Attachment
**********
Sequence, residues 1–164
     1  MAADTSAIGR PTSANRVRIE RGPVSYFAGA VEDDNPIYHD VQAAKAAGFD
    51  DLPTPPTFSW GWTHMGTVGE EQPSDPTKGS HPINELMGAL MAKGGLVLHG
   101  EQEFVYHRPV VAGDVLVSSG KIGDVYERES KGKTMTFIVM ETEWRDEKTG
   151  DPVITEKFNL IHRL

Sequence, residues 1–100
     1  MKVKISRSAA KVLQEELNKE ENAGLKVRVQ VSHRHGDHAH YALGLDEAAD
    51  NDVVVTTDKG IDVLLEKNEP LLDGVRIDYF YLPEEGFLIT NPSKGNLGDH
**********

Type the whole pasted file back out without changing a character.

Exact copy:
Sequence, residues 1–164
     1  MAADTSAIGR PTSANRVRIE RGPVSYFAGA VEDDNPIYHD VQAAKAAGFD
    51  DLPTPPTFSW GWTHMGTVGE EQPSDPTKGS HPINELMGAL MAKGGLVLHG
   101  EQEFVYHRPV VAGDVLVSSG KIGDVYERES KGKTMTFIVM ETEWRDEKTG
   151  DPVITEKFNL IHRL

Sequence, residues 1–100
     1  MKVKISRSAA KVLQEELNKE ENAGLKVRVQ VSHRHGDHAH YALGLDEAAD
    51  NDVVVTTDKG IDVLLEKNEP LLDGVRIDYF YLPEEGFLIT NPSKGNLGDH